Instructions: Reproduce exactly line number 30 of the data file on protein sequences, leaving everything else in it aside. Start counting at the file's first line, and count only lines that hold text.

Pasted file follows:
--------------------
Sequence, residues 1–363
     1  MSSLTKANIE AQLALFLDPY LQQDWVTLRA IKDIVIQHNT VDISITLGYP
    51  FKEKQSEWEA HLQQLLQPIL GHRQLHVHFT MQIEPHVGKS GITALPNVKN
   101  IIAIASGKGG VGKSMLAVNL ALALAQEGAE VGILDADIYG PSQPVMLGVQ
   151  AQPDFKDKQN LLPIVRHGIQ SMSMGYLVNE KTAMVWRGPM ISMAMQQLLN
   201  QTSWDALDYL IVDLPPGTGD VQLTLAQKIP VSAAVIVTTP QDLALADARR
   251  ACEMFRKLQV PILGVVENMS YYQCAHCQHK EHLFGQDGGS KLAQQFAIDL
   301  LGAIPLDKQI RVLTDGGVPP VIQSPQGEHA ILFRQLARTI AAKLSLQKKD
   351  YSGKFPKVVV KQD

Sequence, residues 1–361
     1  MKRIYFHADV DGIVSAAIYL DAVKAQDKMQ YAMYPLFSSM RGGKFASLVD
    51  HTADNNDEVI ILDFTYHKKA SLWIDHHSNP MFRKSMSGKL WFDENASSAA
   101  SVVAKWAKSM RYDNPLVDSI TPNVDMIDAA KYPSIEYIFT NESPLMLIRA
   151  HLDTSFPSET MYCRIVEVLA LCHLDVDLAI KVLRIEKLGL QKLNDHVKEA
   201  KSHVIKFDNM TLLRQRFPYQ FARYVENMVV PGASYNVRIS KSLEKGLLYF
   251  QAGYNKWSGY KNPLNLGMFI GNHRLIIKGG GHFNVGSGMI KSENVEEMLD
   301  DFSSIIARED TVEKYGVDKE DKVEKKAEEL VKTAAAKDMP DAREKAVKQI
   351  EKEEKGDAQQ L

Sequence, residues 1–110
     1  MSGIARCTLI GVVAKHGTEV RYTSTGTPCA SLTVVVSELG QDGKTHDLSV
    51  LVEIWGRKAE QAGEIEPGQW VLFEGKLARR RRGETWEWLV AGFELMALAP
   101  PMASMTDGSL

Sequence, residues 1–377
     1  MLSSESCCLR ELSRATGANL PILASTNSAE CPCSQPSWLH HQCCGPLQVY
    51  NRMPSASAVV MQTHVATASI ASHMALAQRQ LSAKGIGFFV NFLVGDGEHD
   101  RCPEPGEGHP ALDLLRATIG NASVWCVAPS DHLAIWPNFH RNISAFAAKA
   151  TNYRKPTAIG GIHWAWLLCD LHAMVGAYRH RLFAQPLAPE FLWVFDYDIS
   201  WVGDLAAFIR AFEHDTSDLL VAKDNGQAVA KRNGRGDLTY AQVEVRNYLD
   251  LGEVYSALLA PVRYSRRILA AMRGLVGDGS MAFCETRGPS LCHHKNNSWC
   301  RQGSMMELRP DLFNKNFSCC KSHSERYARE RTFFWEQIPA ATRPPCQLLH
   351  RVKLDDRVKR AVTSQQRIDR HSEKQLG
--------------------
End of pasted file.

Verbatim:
   301  RQGSMMELRP DLFNKNFSCC KSHSERYARE RTFFWEQIPA ATRPPCQLLH